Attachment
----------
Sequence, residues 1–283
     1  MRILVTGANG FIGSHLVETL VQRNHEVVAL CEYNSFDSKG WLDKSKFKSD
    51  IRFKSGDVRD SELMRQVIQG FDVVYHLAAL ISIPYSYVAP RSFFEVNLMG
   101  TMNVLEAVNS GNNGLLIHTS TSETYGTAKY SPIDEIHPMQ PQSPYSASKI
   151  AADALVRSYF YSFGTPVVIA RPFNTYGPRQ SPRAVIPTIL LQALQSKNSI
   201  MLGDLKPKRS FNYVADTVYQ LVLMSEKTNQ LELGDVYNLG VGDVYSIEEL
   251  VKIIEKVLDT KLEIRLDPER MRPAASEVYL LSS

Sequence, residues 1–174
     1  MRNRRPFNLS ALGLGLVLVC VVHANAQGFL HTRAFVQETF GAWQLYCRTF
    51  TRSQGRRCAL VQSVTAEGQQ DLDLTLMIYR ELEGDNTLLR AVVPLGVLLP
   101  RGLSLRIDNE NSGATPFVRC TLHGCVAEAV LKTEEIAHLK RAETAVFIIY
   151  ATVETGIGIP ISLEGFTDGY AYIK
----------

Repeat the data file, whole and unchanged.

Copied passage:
Sequence, residues 1–283
     1  MRILVTGANG FIGSHLVETL VQRNHEVVAL CEYNSFDSKG WLDKSKFKSD
    51  IRFKSGDVRD SELMRQVIQG FDVVYHLAAL ISIPYSYVAP RSFFEVNLMG
   101  TMNVLEAVNS GNNGLLIHTS TSETYGTAKY SPIDEIHPMQ PQSPYSASKI
   151  AADALVRSYF YSFGTPVVIA RPFNTYGPRQ SPRAVIPTIL LQALQSKNSI
   201  MLGDLKPKRS FNYVADTVYQ LVLMSEKTNQ LELGDVYNLG VGDVYSIEEL
   251  VKIIEKVLDT KLEIRLDPER MRPAASEVYL LSS

Sequence, residues 1–174
     1  MRNRRPFNLS ALGLGLVLVC VVHANAQGFL HTRAFVQETF GAWQLYCRTF
    51  TRSQGRRCAL VQSVTAEGQQ DLDLTLMIYR ELEGDNTLLR AVVPLGVLLP
   101  RGLSLRIDNE NSGATPFVRC TLHGCVAEAV LKTEEIAHLK RAETAVFIIY
   151  ATVETGIGIP ISLEGFTDGY AYIK